Communication Technology Only Adds to Backlog of Unanswered Letters
Byline: Shelley Carlson
I could be at serious risk of being apprehended by the cliche police, but I can't help observing that the more things change, the more they stay the same.
Well, maybe not exactly the same, but pretty darn similar.
Once upon a time, not really all that long ago, I remember having a drawer where I filed all my correspondence. I tried to ignore it until it piled up, and either I answered the letters or my friends erased me from their address books, concluding I had ascended to the big Dead Letter Office in the sky.
Inevitably, when my to-be-answered file began to overflow its confines, I dashed off missives to those dear friends I would hate to lose.
The trouble was that some of those cherished pen pals must have had way too much time on their hands, because they sat right down and answered my answer and almost before I had time to pat myself on the back. Their responses were in my mailbox and my letter file again was building up to the reproachable point.
Even with this - to my procrastinating mind - overzealous approach to friendly correspondence, there was a somewhat reasonable turnaround time.
Unfortunately, like so many things, I never appreciated that while I could.
Because now we have the wonderful world of e-mail.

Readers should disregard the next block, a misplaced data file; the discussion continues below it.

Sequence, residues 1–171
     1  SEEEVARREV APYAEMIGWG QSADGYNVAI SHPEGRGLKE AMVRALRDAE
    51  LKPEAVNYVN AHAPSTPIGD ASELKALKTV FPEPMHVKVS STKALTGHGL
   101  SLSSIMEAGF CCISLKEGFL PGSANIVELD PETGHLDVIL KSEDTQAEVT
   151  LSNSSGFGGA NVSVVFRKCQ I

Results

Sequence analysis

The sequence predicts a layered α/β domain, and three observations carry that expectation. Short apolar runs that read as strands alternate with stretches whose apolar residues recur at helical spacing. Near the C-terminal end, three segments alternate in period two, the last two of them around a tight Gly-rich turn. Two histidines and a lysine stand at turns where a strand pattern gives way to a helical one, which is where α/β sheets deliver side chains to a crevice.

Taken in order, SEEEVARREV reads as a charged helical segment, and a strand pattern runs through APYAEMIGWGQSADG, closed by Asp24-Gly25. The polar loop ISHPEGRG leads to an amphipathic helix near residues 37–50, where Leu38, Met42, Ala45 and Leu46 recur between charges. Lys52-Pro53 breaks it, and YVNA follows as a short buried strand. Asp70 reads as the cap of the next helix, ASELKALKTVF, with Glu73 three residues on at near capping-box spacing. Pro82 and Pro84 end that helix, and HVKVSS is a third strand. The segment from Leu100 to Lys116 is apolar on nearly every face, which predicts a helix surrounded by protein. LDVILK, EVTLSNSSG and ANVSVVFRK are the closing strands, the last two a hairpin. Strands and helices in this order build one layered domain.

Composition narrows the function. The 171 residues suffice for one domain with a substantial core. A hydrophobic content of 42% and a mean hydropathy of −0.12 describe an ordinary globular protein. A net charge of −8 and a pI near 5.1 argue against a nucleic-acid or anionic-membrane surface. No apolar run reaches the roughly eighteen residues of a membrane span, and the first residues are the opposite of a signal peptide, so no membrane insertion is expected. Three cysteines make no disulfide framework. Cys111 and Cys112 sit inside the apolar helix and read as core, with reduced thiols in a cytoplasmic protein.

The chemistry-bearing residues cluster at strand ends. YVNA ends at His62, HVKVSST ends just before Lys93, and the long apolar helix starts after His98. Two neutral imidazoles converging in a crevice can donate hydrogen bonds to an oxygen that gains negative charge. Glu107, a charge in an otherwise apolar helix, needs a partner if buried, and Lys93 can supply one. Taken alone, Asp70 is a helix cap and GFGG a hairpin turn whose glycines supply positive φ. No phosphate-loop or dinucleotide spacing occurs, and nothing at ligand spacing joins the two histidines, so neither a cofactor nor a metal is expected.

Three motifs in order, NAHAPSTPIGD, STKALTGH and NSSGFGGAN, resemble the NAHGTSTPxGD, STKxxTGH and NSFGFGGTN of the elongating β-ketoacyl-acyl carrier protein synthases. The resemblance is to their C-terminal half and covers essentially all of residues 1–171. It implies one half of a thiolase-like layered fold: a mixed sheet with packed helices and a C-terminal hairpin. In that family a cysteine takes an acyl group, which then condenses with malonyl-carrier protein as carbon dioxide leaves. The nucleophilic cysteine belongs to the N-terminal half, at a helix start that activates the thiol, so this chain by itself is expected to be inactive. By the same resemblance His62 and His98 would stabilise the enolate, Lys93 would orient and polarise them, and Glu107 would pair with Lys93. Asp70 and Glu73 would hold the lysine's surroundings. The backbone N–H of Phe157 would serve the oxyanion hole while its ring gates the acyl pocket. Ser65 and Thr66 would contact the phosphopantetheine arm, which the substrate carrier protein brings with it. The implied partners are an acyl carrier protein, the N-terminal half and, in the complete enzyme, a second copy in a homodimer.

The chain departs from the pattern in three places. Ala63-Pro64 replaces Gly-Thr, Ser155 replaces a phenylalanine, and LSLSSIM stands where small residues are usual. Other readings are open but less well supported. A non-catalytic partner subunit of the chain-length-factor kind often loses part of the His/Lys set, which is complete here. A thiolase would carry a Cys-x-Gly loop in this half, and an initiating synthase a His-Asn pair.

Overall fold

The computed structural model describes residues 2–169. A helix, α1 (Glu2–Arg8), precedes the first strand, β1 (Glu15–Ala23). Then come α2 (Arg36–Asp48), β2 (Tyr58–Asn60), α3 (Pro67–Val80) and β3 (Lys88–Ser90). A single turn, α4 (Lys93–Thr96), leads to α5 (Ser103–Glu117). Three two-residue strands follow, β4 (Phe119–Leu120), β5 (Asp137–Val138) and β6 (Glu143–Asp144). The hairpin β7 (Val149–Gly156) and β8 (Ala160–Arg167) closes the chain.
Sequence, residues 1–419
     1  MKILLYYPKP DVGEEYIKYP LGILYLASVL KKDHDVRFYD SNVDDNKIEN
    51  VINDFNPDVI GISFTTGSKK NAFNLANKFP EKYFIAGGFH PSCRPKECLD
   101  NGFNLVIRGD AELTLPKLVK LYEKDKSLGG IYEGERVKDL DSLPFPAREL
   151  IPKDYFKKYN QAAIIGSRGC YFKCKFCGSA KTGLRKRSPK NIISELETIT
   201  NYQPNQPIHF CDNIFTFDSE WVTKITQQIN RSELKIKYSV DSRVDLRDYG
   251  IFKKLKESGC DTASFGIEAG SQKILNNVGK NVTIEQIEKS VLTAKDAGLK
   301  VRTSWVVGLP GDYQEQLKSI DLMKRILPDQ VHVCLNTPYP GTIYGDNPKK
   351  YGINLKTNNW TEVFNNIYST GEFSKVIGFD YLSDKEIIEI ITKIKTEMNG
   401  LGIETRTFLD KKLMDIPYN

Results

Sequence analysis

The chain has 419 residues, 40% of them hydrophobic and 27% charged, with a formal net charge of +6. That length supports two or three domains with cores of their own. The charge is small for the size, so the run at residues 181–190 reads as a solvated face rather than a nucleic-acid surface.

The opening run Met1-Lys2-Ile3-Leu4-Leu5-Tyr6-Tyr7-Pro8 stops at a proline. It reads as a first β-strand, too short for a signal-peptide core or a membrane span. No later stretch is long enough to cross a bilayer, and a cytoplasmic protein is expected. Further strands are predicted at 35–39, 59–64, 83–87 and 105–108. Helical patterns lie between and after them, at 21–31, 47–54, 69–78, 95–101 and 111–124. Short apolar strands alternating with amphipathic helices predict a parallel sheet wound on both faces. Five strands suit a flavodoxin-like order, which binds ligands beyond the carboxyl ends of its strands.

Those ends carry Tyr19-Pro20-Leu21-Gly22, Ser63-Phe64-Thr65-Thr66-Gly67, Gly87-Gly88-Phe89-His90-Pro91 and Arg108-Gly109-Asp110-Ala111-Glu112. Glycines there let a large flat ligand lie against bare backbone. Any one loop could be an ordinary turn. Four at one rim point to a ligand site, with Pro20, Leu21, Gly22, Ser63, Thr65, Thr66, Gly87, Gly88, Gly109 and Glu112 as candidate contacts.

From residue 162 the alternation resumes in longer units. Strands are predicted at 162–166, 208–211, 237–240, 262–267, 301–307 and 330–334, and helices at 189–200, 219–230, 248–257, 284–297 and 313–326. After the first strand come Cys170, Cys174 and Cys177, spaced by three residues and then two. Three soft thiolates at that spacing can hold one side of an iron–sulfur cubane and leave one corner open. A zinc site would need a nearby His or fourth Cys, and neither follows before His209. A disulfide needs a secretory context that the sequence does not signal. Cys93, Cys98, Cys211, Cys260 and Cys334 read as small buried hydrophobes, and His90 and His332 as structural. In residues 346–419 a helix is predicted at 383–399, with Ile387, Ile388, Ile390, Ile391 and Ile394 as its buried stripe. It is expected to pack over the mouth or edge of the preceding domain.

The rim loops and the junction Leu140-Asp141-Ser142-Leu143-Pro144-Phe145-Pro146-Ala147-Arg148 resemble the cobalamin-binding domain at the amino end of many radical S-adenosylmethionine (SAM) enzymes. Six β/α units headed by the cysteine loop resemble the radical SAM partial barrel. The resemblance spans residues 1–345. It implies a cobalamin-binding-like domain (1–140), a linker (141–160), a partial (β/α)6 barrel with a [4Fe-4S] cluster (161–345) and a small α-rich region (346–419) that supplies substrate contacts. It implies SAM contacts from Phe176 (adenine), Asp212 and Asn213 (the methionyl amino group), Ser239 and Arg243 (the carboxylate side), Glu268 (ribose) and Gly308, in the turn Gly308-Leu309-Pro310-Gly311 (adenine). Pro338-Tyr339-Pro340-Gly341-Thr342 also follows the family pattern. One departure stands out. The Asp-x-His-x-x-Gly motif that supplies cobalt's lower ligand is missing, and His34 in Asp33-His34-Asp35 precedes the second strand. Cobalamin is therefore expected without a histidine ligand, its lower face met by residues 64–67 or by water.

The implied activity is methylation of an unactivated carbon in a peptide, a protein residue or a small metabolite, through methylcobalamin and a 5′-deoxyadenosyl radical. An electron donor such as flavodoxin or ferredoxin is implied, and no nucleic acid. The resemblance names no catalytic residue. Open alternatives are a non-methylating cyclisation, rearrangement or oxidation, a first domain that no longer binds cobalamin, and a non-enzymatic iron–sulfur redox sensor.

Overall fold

And while I would be the first to claim that I would never want to give up its benefits, this form of communication is somewhat of a mixed blessing.
Most of my kids live across the country from me; my youngest daughter lives in South America in a fairly remote area.
Letters took at least two weeks to reach her and even if she answered them immediately, it was another two weeks for it to get back to me.
Technology has made it possible for us to have virtual conversations via e-mail.
If there is something I need answered, I don't have to wait a month.
My memory being almost an oxymoron, by that time I probably would've forgotten the question.
Of course, being able to keep up with all the far-flung grandchildren is, as the TV commercial says, priceless.
I never literally "write" letters anymore.
I quite possibly may have forgotten how to write on paper with an actual pen.
If I have any friends left who aren't online, they probably assume I'm dead.
But just as the paper file of letters could sometimes be a pain, the buildup of unanswered e-mails also can be a downer.
My electronic desktop is so littered with them, it could be mistaken for an unusual, albeit messy, screensaver.
While the almost instantaneous turnaround can be gratifying, it also has a downside.
I always could opt to not go near my old paper file of letters, thus avoiding the guilt of its reproach.
But if I need to go online for any reason, I can't ignore all those judgmental e-mails staring at me. …